A FORMER U.S. MARINE was looking for a career change after a diagnosis with intestinal cancer. Following his recovery and a bachelor’s degree through the GI Bill, he enrolled in the Integrated Marketing Communications Master’s Program at West Virginia University.
Andy Stofleth, MS ’17, then did something that combined his fortitude with a career in marketing. He joined SBP – a long-term disaster resilience and recovery nonprofit – in 2018 as the national director of communications.
“IMC is more than just theory – it’s a scenario-based curriculum with tons of case studies and practical exercises that help you try and operationalize strategy,” he said. “For me, it reinforced the theory with real-world situations that in some cases were executed well, or not so well – but in the end allowed for deeper understanding and analysis of the facts.”
After Hurricane Dorian devastated several of the northern islands of the Bahamas in 2019, Stofleth began work that would eventually be recognized by Bahamian Prime Minister Hubert Minnis.
“At the time, SBP was only a U.S.-based nonprofit, so I deployed for what was supposed to be five days to bear witness, understand the needs and communicate back,” Stofleth said. “Instead, I found that I was well-equipped to leverage our resources and start making an immediate impact. Almost three years later, I’m still here overseeing our operations where we have rebuilt almost 400 homes and launched several new initiatives that may never have come to fruition had I not been here.”
Stofleth became executive director at SPB in the Bahamas in February 2020. In the wake of Dorian, SBP launched a rebuilding program to assist low-to-moderate income families in recovering their homes. But to help rebuild their communities, SBP and Stofleth knew more needed to be done.
“That’s when we formed a public-private partnership with the Bahamas Public Hospitals, CDC Foundation and others to retrofit several of the government healthcare facilities with water purification and storage systems, so that healthcare workers could provide uninterrupted lifesaving services without worrying about having safe, sanitary and clean water for daily operations,” Stofleth said. “The real innovation was in building these systems to produce more water than the hospitals needed, so that in future disasters the hospital could provide water to the surrounding communities, shortening the response time and potentially eliminating the need for outside support.”
SBP built their state-of-the-art water purification system at the second-largest healthcare facility in the Bahamas – Rand Memorial Hospital – while the government was rebuilding it after the hurricane’s destruction. After 18 months, the hospital’s grand opening and SBP’s reverse osmosis water purification system commissioning were hosted on the same day. Stofleth toured the production area with the prime minister and minister of health.
“I had the opportunity to explain the design, and we let the prime minister power up the system before raising a glass of purified water and toasting the future of the Rand Memorial Hospital,” Stofleth said. “It was a long day celebrating the end of a very long project, but it was insanely rewarding to see the transformation at the hospital.”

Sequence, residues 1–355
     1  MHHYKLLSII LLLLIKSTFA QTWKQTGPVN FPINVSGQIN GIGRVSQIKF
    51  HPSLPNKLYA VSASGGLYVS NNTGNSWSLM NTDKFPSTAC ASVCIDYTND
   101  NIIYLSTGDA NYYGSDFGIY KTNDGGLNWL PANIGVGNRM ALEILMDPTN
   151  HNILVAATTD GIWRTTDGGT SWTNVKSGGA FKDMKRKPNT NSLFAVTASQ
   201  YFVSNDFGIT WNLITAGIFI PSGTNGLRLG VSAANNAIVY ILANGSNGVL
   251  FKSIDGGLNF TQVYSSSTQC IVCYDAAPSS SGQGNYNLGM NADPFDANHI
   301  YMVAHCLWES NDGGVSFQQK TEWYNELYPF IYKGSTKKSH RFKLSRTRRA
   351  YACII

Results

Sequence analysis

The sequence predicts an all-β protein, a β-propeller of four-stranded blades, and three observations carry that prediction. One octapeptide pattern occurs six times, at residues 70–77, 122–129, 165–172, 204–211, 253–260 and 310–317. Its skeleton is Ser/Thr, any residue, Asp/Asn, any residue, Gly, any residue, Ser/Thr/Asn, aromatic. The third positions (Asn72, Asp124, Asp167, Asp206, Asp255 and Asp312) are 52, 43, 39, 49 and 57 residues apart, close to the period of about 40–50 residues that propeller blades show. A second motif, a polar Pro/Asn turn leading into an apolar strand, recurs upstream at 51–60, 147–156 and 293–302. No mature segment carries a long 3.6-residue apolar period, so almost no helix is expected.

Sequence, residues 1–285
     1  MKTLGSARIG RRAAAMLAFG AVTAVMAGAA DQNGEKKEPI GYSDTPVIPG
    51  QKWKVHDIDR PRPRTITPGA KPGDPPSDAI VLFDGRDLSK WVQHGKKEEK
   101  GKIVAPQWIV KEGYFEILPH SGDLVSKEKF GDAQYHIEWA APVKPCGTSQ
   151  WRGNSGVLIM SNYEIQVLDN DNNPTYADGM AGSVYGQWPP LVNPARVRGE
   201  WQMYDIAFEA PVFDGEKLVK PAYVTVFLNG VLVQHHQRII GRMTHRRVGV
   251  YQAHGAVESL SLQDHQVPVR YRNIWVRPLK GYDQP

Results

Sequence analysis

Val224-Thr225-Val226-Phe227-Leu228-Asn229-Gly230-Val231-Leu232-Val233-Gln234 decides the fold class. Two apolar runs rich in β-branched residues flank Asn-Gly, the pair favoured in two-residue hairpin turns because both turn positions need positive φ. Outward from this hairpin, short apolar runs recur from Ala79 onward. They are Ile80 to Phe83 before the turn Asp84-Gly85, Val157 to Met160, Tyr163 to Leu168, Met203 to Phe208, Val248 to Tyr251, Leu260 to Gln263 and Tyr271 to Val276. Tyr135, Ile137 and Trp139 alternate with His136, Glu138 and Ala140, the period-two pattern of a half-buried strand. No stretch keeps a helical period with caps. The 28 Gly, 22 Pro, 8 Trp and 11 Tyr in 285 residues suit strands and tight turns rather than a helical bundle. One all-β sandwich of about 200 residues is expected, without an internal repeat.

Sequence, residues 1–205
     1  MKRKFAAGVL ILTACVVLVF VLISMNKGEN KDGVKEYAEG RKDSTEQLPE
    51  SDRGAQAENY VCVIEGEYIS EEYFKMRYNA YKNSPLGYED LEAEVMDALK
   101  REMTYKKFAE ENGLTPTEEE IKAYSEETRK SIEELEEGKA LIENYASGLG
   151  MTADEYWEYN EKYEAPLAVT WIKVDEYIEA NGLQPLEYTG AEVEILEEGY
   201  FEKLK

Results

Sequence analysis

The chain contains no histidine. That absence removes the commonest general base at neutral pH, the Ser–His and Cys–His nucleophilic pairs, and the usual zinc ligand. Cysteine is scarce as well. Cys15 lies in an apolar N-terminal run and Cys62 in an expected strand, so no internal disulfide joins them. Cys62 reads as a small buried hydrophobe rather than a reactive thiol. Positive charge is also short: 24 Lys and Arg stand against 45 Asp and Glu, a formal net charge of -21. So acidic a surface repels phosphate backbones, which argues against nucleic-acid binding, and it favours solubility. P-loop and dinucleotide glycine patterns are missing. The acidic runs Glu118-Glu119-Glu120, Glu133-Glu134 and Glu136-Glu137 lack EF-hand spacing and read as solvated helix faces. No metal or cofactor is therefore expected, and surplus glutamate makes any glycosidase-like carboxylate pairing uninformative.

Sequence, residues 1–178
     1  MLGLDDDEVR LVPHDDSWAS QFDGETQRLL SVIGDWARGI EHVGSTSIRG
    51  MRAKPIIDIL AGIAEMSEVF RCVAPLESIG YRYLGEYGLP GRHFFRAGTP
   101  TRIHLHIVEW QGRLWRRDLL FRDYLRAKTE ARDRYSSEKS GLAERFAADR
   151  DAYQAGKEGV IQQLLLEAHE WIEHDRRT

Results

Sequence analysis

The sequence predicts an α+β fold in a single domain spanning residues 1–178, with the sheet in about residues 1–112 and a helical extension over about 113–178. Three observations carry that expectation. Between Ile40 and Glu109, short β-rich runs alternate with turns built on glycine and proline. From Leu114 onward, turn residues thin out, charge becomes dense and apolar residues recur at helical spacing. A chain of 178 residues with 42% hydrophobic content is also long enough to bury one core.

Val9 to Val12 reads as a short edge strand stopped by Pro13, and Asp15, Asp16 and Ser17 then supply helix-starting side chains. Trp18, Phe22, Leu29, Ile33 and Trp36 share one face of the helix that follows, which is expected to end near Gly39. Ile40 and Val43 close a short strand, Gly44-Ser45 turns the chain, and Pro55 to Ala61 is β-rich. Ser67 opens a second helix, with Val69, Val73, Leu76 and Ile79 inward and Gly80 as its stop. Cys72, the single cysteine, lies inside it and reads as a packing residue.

Now, after two-and-a-half years, Stofleth shows no signs of slowing down. When the stratovolcano La Soufrière erupted in St. Vincent and the Grenadines, he got to work.
“Volcanic ash covered the island, damaging homes, hospitals and schools,” he explained. “I wanted to understand if we could upcycle the volcanic ash to make cement blocks like the ancient Romans, which could be used to rebuild the same structures. Around 84 percent of the buildings in St. Vincent are made from cement blocks, so there was massive potential to figure this out.”
Stofleth’s instincts were right. The volcanic ash could be upcycled to produce a high compressive-strength block, saving significant resources and costs.
The impact of SBP on communities is part of what keeps Stofleth in his career in service. He also enjoys the camaraderie that blooms in the face of disaster.
“You develop a closeness with your internal team, other humanitarian aid groups, government officials and community leaders who are all collaborating and helping to solve problems. You get to see a side of folks in this line of work that you’d not get in an office working 8 to 5. The stakes are high, people are stressed and vulnerable. It allows you to form deeper connections with people, which is a remarkable thing.”
Stofleth encourages those who are interested in serving others professionally to pursue that dream, especially those who are considering – like he once did – a significant pivot in their career.
“At nearly every college graduation there is always a call to action to never stop learning,” he said. “Nowhere in that statement does it say, ‘Never stop learning in your current field of study.’ So think outside the box, take calculated risks – and if it makes sense for you, pursue opportunities outside your current field."